The code of conduct, as applied and encourage by SASCEC, centres around the AltanaESP electronic assessment, facilitation and coaching procedure, enabling all participants to benefit from a peer coaching system (cooperative learning), as a methodology through which, they are allowed to consciously and deliberately apply reflections to enhanced and maintain life long learning.

The above methodology of guidance, assistance and facilitation/mediation is implemented, with the primary aim to support an individual with his/her self-empower drives and psyche management strategies using accountable and focused reflections. When an individual make use of the AltanaESP Network & System, the principle behind this kind of reflections, are to enable a person to think through what s/he is doing at present and to focus on what s/he would like to achieve in future. Thus, assisting the individual to establish future expectations, as rooted in the acceptance (to come to terms with) of the past and dealing with the present, through making accountable choices and taking responsible decisions.

When you compare your present circumstances (environmental realities), applying reflective techniques, this action permits you to select (choose) the areas in your life in which you prefer to change and most probably need some support an/or guidance to ensure an efficient monitoring and evaluation of these selected areas of envisioned change. Without the initial act of exploration and continues discovery (comparative-reflections), there is no actual lasting progress towards obtaining significant purpose and meaning in life. Therefore, participants are constantly encouraged to realize that life and career orientations activities, are a continues growing and developing process through frequent reflections (i.e. a life-long activity).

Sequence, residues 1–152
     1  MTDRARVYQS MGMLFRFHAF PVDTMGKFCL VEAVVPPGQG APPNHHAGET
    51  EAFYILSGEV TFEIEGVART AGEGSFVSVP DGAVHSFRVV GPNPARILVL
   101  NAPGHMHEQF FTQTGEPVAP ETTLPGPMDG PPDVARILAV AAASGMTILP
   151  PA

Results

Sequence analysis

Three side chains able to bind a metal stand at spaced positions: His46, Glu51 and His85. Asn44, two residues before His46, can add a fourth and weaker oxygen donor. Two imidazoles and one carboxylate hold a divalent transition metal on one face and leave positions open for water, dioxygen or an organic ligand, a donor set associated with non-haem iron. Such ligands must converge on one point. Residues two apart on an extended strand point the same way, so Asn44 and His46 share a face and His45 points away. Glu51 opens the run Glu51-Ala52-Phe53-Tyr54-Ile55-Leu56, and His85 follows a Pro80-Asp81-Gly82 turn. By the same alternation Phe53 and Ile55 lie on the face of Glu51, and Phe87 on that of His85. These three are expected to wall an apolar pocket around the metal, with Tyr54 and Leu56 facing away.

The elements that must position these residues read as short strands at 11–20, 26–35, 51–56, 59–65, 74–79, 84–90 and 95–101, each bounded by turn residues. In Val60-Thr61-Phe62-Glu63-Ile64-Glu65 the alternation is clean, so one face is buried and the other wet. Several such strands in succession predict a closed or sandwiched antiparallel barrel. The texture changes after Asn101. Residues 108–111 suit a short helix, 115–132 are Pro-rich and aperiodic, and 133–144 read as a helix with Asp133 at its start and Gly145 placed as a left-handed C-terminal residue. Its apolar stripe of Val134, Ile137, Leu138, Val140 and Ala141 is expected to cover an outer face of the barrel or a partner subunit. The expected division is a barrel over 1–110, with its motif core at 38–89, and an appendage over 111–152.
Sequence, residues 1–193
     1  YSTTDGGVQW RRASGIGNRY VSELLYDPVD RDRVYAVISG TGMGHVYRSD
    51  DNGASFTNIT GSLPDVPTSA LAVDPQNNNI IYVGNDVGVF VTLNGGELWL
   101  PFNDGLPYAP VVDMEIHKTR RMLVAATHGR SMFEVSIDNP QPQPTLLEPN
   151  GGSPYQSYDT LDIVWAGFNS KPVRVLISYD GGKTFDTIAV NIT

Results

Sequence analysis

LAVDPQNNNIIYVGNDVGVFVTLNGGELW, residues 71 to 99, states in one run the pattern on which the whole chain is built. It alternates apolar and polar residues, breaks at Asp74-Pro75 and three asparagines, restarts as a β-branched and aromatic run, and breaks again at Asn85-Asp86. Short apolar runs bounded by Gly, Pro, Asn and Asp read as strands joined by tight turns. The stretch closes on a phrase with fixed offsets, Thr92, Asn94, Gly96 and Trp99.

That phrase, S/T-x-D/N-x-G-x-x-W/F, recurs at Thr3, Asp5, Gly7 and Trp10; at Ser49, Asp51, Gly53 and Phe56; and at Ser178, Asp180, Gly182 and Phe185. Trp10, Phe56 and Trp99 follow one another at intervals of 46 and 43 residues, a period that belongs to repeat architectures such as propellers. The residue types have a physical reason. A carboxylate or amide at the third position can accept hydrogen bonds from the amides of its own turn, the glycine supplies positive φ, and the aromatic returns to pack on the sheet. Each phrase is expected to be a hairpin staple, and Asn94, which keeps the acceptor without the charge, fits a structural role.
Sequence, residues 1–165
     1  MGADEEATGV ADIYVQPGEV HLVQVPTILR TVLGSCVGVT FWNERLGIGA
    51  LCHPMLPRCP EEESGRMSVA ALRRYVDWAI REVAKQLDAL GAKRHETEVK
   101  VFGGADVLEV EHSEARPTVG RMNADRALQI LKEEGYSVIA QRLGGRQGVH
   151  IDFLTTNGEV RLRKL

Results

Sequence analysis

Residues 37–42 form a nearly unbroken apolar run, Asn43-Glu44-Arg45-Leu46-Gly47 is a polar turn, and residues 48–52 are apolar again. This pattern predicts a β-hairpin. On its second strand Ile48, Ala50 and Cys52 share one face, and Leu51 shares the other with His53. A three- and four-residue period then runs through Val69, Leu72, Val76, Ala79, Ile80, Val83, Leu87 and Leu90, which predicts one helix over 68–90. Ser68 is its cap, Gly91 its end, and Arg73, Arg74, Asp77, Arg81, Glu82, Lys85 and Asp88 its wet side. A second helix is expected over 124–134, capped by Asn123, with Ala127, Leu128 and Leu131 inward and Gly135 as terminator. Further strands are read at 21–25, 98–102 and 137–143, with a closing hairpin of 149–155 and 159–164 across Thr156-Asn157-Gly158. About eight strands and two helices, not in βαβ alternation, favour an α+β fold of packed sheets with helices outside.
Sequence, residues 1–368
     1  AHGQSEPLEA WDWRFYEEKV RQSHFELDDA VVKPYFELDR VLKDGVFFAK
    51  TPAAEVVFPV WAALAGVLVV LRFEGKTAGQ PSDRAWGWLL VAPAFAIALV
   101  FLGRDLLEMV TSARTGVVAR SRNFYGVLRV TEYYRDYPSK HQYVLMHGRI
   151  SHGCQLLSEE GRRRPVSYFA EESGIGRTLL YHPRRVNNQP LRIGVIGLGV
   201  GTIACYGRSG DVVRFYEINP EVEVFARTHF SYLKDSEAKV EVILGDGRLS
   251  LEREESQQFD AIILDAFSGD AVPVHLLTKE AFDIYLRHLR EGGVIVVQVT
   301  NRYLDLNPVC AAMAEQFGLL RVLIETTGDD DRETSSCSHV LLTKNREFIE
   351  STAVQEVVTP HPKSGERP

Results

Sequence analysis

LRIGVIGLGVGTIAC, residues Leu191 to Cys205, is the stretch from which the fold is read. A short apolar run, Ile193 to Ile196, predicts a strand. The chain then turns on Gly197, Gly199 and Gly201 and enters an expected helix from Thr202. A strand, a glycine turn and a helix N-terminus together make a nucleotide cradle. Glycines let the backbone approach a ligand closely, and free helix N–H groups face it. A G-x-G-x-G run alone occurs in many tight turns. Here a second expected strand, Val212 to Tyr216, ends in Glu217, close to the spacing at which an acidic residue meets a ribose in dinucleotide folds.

Reflection often is a process (principle) that commence as a tentative kind of activity, which gradually collects data, gathers focus, gain momentum, strength and purpose, to eventually develop as a major source of information for personal and a professional growth and development. The methodology or technique of reflection requires a certain patience with the process and an acknowledgement that some things will be quite difficult, but that is just fine, because once accepted as such, it could become a challenging and exciting obstacle to overcome.

The AltanaESP Network and System (often described as virtual assistance) is a generative process which, when implemented, can yield rich personal rewards and growth. However, the AltanaESP System, can never be seen in isolation, and the system could only contribute to making a difference, IF and WHEN the system is used in conjunction  with people (i.e. network of facilitators) to ensure excellent qualitative assistance and guidance to each and every individual.